Anadenanthera peregrina, also known as yopo, jopo, cohoba, parica or calcium tree, is a perennial tree of the genus Anadenanthera native to the Caribbean and South America. It grows up to 20 m (66 ft) tall, and has a horny bark. Its flowers are pale yellow to white and spherical. It is an entheogen which has been used in healing ceremonies and rituals for thousands of years in South America.
The first report of the effects of snuff prepared from the beans of Anadenanthera peregrina dates back to 1496 when it was observed by Friar Ramon Pane, who was commissioned by Christopher Columbus, among the Taino Indians of Hispaniola. Pane's report was first published in 1511 in Martyr's descriptions of the New World. The description of its effects reads in part: "This kohobba powder," described as "an reality bending herb, is so strong that those who take it lose consciousness; when this action begins to wane, the arms and legs become loose and the head droops." It is traditionally administered with a cane about one foot long of which they introduce one end "in the nose and the other in the powder and ...draw it into themselves through the nose". It worked quickly: "almost immediately they believe they see the room turn upside-down and men walking with their heads downwards". The administering witch-doctor took the drug along with his patients, intoxicating "them so that they do not know what they do and ... speak of many things incoherently", believing that they are in communication with spirits.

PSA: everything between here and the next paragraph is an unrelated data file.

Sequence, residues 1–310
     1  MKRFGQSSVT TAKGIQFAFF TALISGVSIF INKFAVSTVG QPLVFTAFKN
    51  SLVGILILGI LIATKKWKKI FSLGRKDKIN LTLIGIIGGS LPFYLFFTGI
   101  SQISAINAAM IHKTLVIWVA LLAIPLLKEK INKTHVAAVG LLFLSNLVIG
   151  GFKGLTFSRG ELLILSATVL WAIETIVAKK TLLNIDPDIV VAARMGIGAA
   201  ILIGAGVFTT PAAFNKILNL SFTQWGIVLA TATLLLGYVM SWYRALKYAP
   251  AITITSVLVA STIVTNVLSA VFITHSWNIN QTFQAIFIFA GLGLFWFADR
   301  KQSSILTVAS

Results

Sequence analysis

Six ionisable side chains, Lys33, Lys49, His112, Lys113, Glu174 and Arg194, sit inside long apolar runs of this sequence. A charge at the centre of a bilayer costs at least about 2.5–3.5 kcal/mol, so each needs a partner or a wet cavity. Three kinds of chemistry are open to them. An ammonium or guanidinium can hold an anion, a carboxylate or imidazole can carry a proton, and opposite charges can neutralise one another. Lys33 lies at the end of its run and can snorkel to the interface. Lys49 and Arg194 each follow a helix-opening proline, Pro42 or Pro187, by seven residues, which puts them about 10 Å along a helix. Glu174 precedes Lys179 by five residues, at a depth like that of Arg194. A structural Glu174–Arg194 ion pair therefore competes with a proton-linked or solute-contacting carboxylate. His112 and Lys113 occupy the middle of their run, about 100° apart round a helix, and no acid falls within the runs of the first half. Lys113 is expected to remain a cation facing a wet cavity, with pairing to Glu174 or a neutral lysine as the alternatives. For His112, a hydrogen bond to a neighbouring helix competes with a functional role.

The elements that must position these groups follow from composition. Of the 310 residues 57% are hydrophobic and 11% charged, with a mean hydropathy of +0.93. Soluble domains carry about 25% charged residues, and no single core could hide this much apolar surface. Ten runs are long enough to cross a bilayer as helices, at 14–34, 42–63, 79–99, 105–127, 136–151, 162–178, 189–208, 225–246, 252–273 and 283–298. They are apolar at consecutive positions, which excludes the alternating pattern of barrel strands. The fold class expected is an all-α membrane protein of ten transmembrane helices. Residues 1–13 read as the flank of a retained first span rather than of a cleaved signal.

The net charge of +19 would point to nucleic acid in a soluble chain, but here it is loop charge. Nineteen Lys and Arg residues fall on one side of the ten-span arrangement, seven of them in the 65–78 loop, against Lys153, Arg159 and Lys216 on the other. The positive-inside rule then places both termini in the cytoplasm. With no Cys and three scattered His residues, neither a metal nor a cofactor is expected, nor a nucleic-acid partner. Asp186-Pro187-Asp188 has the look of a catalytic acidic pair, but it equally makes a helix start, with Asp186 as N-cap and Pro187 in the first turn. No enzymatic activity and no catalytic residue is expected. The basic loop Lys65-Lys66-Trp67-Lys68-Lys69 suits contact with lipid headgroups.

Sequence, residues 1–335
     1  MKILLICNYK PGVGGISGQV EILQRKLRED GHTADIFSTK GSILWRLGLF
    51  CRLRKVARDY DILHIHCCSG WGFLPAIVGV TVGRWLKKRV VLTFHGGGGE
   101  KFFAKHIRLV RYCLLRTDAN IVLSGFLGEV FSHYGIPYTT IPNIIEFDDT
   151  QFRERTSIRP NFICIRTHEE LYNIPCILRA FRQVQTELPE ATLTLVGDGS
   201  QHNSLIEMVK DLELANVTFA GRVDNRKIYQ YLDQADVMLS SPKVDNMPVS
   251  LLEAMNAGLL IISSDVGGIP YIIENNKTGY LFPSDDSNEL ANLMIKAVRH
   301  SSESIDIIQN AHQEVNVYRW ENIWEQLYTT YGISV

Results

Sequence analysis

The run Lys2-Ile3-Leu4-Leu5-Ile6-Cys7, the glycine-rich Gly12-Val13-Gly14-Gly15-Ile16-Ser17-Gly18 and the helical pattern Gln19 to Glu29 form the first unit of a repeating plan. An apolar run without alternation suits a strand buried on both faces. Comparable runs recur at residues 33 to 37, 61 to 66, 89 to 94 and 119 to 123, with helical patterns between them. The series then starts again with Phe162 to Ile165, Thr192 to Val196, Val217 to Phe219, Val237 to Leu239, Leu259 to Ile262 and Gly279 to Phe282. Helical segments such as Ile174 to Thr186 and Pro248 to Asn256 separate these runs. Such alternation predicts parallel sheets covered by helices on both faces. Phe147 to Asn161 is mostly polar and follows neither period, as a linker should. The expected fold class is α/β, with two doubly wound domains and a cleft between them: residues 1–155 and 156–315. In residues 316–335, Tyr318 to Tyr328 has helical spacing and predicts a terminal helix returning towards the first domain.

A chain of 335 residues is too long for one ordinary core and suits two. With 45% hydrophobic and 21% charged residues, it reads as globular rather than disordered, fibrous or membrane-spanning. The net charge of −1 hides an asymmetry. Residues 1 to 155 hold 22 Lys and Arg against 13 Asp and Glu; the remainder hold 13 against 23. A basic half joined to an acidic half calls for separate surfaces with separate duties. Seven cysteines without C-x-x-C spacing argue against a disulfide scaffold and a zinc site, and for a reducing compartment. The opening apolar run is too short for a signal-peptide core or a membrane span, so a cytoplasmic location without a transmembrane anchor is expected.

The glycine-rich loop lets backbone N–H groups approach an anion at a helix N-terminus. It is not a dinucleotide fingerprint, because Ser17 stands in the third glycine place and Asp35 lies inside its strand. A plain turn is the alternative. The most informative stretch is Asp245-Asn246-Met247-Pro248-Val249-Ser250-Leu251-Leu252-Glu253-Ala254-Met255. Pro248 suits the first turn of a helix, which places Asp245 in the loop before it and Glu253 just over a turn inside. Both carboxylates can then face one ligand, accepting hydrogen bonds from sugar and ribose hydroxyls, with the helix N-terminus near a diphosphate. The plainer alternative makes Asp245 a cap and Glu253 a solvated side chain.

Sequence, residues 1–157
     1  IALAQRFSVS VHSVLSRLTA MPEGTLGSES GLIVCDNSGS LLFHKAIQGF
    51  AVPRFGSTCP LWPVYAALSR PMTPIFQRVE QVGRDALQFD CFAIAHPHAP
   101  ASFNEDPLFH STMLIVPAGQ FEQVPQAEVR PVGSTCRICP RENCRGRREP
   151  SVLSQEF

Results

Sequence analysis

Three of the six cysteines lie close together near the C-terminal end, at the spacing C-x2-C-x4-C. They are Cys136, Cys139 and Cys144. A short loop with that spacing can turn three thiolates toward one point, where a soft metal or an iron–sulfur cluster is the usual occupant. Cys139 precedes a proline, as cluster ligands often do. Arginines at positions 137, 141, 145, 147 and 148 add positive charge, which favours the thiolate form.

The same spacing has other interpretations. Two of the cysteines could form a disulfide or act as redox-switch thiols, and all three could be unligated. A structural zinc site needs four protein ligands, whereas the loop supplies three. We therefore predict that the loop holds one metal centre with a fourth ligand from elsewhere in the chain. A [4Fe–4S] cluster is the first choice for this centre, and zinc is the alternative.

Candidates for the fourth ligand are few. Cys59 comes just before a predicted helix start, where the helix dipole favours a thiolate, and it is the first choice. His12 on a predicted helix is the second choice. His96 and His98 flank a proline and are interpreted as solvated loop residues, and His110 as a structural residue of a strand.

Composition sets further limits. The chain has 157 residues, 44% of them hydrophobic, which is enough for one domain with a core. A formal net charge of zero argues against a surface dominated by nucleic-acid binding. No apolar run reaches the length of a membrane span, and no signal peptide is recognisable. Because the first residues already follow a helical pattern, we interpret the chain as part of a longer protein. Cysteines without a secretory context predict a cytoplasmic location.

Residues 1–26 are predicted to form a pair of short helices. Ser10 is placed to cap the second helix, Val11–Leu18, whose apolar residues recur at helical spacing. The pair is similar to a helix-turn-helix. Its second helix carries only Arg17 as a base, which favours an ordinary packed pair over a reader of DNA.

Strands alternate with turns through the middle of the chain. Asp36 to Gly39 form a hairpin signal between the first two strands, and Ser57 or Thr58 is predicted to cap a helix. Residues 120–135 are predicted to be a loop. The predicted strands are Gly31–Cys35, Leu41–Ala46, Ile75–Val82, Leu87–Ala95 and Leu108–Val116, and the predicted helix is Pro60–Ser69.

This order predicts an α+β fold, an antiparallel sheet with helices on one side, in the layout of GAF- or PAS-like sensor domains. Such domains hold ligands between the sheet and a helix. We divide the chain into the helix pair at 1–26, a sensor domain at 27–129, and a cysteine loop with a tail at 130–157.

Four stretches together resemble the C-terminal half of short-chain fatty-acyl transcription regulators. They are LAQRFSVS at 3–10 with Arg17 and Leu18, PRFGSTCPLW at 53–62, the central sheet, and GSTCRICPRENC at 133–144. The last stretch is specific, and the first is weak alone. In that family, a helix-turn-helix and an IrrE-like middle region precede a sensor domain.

Archaeological evidence shows Anadenanthera beans have been used as hallucinogens for thousands of years. The oldest clear evidence of use comes from pipes made of puma bone (Felis concolor) found with Anadenanthera beans at Inca Cueva, a site in the northwest of Humahuaca in the Puna border of Jujuy Province, Argentina. The pipes were found to contain the hallucinogen DMT, one of the compounds found in Anadenanthera beans. Radiocarbon testing of the material gave a date of 2130 BC, suggesting that Anadenanthera use as a hallucinogen is over 4,000 years old. Snuff trays and tubes similar to those commonly used for yopo were found in the central Peruvian coast dating back to 1200 BC, suggesting that insufflation of Anadenanthera beans is a more recent method of use. Archaeological evidence of insufflation use within the period 500-1000 AD, in northern Chile, has been reported. Some indigenous peoples of the Orinoco basin in Colombia, Venezuela and possibly in the southern part of the Brazilian Amazon make use of yopo snuff for spiritual healing. Yopo snuff was also widely used in ceremonial contexts in the Caribbean area, including Puerto Rico and La Española, up to the Spanish Conquest.
Yopo snuff is usually blown into the user's nostrils by another person through bamboo tubes or sometimes snuffed by the user using bird bone tubes. Blowing is more effective as this method allows more powder to enter the nose and is said to be less irritating. In some areas the unprocessed ground beans are snuffed or smoked producing a much weaker effect with stronger physical symptoms. Some tribes use yopo along with Banisteriopsis caapi to increase and prolong the visionary effects, creating an experience similar to that of ayahuasca.
The wood from A. peregrina is very hard and is used for making furniture. It has a Janka rating of 3700 lb. and a density of around 0.86 g/cm³.